Now, I suspect that this is a tendency we are more likely to see from women than by men. (This is mere speculation based on my own experience, and anecdotes of others. I’m sure there must be some empirical data on the subject, but I’m not familiar with it, so I’m just throwing the hypothesis out there for now.) And further, I’m sure many women are familiar with the experience of struggling to be taken seriously, just because we are women. Feminist philosopher Miranda Fricker labels this phenomenon ‘testimonial injustice’: when your credibility as a source of knowledge is deflated due to prejudices held by the hearer. Again, throwing empirical hypotheses around without any attempt to verify them, I have a feeling that this is a form of injustice that women are often subject to. Women are frequently – even if only subconsciously – regarded as less credible sources of knowledge and less competent reasoners than men. This is especially likely to occur in contexts that have historically been dominated by men, or continue to be populated by disproportionate numbers of men. And academic philosophy is certainly one of those contexts.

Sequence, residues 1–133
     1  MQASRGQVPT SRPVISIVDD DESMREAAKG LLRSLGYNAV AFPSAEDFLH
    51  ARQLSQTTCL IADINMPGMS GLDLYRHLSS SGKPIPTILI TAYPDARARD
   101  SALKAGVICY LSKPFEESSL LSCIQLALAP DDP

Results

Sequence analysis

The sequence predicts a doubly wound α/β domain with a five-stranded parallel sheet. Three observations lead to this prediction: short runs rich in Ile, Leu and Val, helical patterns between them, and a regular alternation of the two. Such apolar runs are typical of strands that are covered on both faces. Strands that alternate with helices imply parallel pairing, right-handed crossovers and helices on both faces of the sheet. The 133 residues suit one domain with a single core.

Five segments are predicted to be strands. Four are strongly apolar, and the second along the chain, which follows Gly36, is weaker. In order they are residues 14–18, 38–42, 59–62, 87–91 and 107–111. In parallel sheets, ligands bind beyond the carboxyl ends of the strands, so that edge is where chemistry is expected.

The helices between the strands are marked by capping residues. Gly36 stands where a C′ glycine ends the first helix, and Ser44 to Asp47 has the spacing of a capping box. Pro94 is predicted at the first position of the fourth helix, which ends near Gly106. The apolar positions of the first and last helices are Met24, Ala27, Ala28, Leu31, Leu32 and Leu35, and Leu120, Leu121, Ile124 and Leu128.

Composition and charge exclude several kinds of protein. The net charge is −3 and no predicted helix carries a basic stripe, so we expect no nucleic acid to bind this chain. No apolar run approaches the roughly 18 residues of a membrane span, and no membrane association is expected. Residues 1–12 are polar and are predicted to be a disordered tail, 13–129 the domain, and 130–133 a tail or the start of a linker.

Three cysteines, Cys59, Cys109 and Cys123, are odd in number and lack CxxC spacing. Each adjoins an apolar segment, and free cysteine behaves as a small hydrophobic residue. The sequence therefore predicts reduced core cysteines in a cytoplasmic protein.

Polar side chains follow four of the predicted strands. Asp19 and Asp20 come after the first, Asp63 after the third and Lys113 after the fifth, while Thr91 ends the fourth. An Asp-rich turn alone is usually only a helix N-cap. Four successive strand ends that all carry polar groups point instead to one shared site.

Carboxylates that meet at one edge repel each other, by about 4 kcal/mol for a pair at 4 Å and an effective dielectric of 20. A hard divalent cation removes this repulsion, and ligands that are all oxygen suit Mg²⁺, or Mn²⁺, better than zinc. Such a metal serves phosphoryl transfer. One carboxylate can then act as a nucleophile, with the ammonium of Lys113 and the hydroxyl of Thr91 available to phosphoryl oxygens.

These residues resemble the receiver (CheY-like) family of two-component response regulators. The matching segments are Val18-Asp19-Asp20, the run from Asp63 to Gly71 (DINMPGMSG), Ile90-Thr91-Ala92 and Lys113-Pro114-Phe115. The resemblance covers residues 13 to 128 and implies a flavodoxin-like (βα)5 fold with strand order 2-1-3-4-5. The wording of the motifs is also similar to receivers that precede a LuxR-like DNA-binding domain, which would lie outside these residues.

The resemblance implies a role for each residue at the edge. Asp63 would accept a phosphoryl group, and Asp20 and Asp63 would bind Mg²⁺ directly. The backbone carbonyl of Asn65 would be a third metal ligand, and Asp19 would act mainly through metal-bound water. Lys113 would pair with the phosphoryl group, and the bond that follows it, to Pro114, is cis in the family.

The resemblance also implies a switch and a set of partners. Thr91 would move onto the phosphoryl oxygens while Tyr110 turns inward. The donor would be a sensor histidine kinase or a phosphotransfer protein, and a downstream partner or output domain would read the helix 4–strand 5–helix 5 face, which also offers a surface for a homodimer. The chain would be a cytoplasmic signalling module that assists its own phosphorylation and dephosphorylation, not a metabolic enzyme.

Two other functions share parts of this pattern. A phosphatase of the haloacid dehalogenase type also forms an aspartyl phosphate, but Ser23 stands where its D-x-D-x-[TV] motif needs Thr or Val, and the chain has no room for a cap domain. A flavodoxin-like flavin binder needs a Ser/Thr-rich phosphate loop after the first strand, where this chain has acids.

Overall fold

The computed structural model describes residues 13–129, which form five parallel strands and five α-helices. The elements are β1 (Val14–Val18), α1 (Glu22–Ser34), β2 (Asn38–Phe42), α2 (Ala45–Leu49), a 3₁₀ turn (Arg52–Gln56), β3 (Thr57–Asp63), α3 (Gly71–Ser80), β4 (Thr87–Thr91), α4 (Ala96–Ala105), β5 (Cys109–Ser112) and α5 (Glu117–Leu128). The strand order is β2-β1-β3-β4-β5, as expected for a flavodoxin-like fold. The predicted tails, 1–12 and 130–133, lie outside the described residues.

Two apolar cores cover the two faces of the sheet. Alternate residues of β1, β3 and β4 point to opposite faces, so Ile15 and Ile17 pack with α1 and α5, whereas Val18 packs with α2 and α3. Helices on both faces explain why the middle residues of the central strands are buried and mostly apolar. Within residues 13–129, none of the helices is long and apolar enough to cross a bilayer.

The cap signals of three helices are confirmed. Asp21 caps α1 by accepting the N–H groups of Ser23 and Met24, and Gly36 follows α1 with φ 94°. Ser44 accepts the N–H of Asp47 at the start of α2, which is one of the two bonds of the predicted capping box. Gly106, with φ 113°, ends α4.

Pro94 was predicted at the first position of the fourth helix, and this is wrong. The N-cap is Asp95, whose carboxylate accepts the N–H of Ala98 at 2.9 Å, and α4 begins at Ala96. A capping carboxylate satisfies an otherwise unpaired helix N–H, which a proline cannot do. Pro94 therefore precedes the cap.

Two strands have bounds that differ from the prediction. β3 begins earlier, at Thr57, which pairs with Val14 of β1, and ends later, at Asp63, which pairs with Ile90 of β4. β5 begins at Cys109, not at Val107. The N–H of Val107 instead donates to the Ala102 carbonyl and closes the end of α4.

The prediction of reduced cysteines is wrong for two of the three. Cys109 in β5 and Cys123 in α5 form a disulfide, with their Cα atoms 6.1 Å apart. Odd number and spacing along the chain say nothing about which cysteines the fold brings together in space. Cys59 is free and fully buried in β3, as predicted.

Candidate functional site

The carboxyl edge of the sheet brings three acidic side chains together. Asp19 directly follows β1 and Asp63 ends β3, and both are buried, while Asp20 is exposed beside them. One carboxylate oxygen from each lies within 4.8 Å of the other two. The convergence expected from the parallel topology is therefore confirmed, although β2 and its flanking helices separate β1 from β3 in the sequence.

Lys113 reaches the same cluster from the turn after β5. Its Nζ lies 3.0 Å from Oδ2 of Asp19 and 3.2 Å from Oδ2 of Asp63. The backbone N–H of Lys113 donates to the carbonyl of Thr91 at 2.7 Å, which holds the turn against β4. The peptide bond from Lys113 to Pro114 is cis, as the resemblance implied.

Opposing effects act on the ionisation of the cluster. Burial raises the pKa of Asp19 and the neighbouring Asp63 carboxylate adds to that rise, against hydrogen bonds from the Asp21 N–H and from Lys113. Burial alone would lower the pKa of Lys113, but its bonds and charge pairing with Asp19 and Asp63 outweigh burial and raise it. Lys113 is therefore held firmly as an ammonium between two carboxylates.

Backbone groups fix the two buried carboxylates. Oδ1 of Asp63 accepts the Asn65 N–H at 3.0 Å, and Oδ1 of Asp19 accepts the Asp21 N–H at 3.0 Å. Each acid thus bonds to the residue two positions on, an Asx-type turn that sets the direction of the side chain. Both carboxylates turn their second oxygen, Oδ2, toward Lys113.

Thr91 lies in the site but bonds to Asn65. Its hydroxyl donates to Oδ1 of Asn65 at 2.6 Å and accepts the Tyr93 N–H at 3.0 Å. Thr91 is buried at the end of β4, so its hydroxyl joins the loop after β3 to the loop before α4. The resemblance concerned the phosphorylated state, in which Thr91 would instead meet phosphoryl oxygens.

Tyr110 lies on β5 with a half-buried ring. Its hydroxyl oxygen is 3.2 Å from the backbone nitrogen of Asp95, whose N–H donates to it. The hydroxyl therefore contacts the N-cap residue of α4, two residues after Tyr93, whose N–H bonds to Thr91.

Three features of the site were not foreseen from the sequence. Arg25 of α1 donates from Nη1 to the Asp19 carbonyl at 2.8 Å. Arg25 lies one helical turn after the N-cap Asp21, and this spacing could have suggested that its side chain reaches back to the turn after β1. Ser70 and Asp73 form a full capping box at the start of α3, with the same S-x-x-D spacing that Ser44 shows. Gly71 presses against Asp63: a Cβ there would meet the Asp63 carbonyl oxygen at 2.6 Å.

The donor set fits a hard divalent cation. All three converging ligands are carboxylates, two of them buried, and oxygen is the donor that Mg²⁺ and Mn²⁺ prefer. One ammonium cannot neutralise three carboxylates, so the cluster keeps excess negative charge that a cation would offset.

So then the worry is that when I make these self-effacing, timid sounding preambles to my arguments, I am not only undermining my own status as a bearer of knowledge and encouraging my listeners not to take me seriously. I am also reinforcing these prejudices in the minds of my audience. Given that I am a woman, they may have already been predisposed to deflate my credibility. When I express myself in an apologetic, tentative manner, I thereby present them with more evidence to confirm their biases, both with respect to myself, and women speakers in general. The prejudice is perpetuated, and my listeners are more inclined to dismiss my contributions, and further, those of other women. So perhaps I owe it not only to myself, but also to other women, to try to eradicate these displays of reticence from my speech, and be more confident and assertive. Perhaps I ought to be much bolder, more direct, perhaps even aggressive, in the way so many other people (men?) seem to be when engaging in debate. It’s especially tempting to think like this in the context of the philosophy seminar. These can be highly combative, adversarial environments, and it seems like if I want to keep up, be taken seriously and make a name for myself in this profession, I’m going to have to get over my timidity and get more assertive, quickly.